BEIJING — The International Olympic Committee failed to press China to allow unfettered access to the Internet for the thousands of journalists arriving to cover the Olympics, despite promising repeatedly that the foreign news media could "report freely" during the games, Olympics officials acknowledged Wednesday.
Since the Olympic Village press center opened Friday, reporters have been unable to access scores of Web pages — among them those that discuss Tibetan issues, Taiwanese independence, the violent crackdown of the protests in Tiananmen Square and the Web sites of Amnesty International, the BBC, Radio Free Asia and several Hong Kong newspapers.
The restrictions, which closely resemble the blocks that China places on the Internet for its own citizens, undermine sweeping claims by Jacques Rogge, the IOC president, that China had agreed to provide free Web access for foreign news media during the games.
But a high-ranking IOC official said Wednesday that the committee was aware that China would continue to censor Web sites carrying content that Chinese propaganda authorities deemed harmful to national security and social stability. The committee acquiesced to China's demands to maintain such controls, said the official, who declined to be identified.
In its negotiations with the Chinese over Internet controls, the official said, the IOC insisted only that China provide unfettered access to sites containing information useful to reporters covering athletic competitions, not to sites that the Chinese and the Olympic committee negotiators determined had little relevance to sports.
The official said he now believed that the Chinese defined their national security needs more broadly than the Olympic committee had anticipated, denying reporters access to some information that they might need to cover the events and the host country fully.
This week, foreign news media in China were unable directly to access an Amnesty International report that detailed what it called a deterioration in China's human rights record in the prelude to the Games.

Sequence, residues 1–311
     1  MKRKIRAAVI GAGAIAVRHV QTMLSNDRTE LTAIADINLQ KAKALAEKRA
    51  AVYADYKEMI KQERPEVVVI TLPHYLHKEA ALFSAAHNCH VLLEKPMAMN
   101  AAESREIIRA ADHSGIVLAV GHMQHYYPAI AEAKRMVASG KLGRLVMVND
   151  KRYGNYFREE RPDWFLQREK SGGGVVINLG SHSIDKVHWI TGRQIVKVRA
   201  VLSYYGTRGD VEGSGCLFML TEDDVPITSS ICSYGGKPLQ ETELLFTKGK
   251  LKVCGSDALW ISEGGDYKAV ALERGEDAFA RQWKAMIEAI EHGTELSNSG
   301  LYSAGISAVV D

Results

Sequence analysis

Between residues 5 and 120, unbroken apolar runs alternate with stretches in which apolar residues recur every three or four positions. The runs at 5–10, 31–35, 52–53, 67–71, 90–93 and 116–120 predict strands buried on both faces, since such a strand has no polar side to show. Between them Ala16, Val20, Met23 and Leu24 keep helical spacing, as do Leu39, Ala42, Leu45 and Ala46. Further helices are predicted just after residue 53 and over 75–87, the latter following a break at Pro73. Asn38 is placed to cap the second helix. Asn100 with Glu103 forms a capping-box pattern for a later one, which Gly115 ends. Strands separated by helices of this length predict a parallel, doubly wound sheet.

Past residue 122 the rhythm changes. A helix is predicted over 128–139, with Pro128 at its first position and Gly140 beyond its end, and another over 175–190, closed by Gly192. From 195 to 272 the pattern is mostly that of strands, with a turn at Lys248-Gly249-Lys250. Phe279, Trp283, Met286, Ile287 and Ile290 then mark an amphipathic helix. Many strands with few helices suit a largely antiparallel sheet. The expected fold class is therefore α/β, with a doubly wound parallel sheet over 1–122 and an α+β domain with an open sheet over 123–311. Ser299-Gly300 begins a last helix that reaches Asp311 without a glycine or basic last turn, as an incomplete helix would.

Chinese officials initially suggested that any troubles journalists were having with Internet access probably stemmed from the sites themselves, not any steps that China had taken to filter Web content. But Sun Weide, the chief spokesman for the Beijing Olympic organizing committee, acknowledged Wednesday that journalists would not have uncensored Internet use during the Games.
"It has been our policy to provide the media with convenient and sufficient access to the Internet," Sun said. "I believe our policy will not affect reporters' coverage of the Olympic Games."
The White House said with some skepticism Wednesday that it expects the Communist country to show it is loosening restrictions on free expression — and not just during the fleeting spotlight of the Olympic Games.
"What we are looking for in China is not gestures," said Dennis Wilder, senior director for Asian Affairs at the White House National Security Council. "We are looking for structural change. We are looking for long-term change."
As scrutiny grows over how China is treating its people and the visiting media, the White House defended Bush's approach to the Beijing Games. The president plans to privately prod Chinese President Hu Jintao about human rights, and speak publicly about religious freedom after attending a church service in Beijing.
Bush will then be in China for four nights, from the evening of Aug. 7 through Aug. 10. During that time, he will help dedicate a U.S. Embassy in Beijing, meet Chinese leaders, go to church and attend one of the marquee Olympic events — the basketball game between the United States and China.
Ancient Greek device also tracked Olympiad
An astronomical calculator, considered a technological marvel of antiquity, was also used to track dates of the Olympiad, forerunner of the modern Olympic Games, researchers have found. Experts from Britain, Greece and the United States said they detected the word "Olympia" on a bronze dial, as well as the names of other games in ancient Greece on the device known as the Antikythera Mechanism. Their findings will be reported today in the British science journal Nature. The 2,100-year-old device was recovered in 1901 from an ancient shipwreck near Antikythera, a small island off Greece's south coast.Information from the Associated Press was used in this report.